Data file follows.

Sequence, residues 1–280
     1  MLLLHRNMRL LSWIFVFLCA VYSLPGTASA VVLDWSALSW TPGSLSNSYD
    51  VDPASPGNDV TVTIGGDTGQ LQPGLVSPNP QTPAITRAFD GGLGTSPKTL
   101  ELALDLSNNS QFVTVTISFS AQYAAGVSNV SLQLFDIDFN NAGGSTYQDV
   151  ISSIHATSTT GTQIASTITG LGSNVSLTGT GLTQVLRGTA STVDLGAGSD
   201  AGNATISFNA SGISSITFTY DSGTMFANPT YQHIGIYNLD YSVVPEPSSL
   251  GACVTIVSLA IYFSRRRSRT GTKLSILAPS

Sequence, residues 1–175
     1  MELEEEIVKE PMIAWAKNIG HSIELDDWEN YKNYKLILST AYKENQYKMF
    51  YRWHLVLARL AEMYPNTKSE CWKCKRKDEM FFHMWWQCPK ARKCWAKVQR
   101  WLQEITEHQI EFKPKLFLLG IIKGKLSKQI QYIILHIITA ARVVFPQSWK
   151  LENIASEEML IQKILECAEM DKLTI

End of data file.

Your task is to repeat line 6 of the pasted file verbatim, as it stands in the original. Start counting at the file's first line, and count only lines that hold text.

   201  AGNATISFNA SGISSITFTY DSGTMFANPT YQHIGIYNLD YSVVPEPSSL